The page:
WASHINGTON (BP) -- The Obama administration is under increasing pressure to reverse its order mandating that religious organizations cover abortion-inducing contraceptives in insurance plans, with congressional Republicans threatening legislative action and two prominent Christian leaders calling it the "greatest threat to religious freedom in our lifetime."
The rule by the Department of Health and Human Services would require all private insurance plans to cover all FDA-approved contraceptives, including ones such as Plan B and "ella" that can block implantation and kill the embryo -- an action that pro-life groups and many Christians view as an early abortion. The HHS rule includes an exemption for most churches, but that exemption does not cover Christian colleges and schools or faith-based hospitals and social service programs. The lack of a broader exemption means that faith-based groups that pay for employees' insurance plans will be purchasing something to which they are morally opposed. Even the exemption for churches is narrow, and would not cover a church that makes outreach to the poor a major part of its ministry.
"I'd go to jail rather than cave in to a government mandate that violates what God commands us to do. Would you?"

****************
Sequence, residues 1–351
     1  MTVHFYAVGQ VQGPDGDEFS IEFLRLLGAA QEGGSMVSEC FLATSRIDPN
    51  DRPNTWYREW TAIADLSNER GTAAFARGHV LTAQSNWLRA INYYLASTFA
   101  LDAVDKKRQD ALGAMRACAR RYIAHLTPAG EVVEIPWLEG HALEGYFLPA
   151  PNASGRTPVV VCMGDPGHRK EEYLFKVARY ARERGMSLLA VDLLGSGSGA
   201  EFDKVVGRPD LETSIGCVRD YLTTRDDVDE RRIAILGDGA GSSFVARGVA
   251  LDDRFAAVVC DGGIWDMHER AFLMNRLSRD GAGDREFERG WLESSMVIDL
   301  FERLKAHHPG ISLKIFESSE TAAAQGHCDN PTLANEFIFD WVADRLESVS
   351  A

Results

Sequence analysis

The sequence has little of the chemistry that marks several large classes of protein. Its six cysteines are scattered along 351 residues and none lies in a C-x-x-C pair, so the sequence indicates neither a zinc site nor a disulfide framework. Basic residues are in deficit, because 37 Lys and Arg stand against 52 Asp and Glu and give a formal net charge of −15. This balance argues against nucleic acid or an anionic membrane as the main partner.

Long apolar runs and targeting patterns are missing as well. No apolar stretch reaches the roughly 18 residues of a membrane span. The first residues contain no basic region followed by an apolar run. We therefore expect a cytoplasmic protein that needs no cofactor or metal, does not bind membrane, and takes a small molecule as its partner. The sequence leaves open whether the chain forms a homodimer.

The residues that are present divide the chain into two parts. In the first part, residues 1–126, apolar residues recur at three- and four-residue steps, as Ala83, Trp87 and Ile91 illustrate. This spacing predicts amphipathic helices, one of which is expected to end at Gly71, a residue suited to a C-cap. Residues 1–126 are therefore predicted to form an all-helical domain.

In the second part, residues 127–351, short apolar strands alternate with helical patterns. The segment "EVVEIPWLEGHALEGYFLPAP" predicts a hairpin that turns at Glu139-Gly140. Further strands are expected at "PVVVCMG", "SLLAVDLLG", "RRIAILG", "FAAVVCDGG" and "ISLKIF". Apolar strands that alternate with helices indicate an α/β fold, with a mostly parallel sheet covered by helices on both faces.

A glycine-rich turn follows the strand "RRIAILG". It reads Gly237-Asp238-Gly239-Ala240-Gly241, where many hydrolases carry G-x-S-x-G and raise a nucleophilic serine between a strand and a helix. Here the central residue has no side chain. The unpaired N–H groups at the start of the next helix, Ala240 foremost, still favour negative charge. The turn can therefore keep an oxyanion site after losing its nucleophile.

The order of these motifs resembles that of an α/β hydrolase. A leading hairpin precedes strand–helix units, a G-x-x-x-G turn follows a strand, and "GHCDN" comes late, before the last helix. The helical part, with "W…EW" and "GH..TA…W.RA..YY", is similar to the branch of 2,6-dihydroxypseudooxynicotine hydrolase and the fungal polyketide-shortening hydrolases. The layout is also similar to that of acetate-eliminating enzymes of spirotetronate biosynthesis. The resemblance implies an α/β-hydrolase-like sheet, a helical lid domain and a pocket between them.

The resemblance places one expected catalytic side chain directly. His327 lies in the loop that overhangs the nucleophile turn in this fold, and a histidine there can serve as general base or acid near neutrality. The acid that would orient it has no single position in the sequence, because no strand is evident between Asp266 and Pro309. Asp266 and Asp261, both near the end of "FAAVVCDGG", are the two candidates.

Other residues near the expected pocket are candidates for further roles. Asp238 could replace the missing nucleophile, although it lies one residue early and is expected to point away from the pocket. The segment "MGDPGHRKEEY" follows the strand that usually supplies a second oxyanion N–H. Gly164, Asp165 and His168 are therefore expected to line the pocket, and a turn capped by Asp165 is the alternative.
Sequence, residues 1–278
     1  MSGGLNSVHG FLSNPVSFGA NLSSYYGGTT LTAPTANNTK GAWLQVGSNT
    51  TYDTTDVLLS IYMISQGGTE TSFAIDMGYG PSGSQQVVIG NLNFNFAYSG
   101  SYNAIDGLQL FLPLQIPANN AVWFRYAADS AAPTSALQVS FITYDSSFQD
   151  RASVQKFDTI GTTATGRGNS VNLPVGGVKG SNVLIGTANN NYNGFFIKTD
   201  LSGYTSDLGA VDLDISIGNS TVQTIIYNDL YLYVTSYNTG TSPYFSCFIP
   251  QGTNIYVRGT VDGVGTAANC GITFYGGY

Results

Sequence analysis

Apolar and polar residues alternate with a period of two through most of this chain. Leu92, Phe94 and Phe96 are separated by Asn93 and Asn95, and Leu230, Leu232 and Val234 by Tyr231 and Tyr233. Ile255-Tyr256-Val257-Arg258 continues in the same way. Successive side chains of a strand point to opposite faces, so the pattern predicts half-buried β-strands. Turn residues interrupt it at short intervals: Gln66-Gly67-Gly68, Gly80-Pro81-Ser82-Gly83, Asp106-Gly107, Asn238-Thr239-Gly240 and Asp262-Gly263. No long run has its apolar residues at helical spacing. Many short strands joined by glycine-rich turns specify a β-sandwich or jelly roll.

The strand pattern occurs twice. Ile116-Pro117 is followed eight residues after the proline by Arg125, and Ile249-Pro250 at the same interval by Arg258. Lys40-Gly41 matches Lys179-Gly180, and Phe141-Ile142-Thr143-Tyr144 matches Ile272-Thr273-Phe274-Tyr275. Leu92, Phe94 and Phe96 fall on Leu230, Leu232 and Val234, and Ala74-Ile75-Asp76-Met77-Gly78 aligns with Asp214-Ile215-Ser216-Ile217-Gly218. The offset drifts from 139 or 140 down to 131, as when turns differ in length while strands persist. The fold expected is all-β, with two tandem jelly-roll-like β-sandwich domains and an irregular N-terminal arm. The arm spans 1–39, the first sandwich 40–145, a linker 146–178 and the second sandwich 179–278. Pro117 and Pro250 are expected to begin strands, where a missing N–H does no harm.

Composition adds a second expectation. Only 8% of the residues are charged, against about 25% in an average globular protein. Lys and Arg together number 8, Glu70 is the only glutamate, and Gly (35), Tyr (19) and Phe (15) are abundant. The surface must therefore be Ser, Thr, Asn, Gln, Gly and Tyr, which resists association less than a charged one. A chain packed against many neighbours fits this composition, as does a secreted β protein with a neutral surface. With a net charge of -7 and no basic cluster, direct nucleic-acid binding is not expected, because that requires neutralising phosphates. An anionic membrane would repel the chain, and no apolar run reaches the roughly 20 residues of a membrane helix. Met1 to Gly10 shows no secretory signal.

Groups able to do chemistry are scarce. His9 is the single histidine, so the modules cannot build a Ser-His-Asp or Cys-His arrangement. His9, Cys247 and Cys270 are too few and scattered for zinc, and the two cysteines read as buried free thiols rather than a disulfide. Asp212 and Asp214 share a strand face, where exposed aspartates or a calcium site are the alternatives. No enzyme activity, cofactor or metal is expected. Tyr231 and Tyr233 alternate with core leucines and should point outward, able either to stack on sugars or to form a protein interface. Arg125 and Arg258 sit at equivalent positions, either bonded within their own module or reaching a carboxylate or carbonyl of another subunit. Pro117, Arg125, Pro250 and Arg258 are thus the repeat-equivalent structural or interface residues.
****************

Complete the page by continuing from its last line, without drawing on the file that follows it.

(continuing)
-- Rick Warren
The issue is being portrayed in the media as a Catholic-only issue but has ballooned into much more than that, and now has evangelical leaders involved. And with abortion-inducing drugs in the mix, it's also more than a spat about contraceptives.
HHS has given religious organizations until August 2013 to comply. Religious leaders, though, say the problem isn't timing, but compliance, and they are demanding that all religious organizations be exempt.
"I'd go to jail rather than cave in to a government mandate that violates what God commands us to do. Would you? Acts 5:29," author and pastor Rick Warren wrote on his Twitter account Feb. 7 before adding, "I'm not a Catholic but I stand in 100% solidarity with my brothers & sisters to practice their belief against govt pressure."
The controversy is perhaps the biggest divide yet between the Obama administration and religious groups, and even some leading Democrats have criticized the administration's move. It's one of the rare moments when evangelicals and Catholics across the ideological spectrum -- liberal and conservative -- have united against the administration. Washington Post columnist E.J. Dionne Jr., a Catholic who is liberal on many issues, said Obama had "utterly botched" the issue and had thrown "his progressive Catholic allies under the bus." Another Catholic, Vice President Joe Biden, reportedly argued for a broader religious exemption, but lost. Read More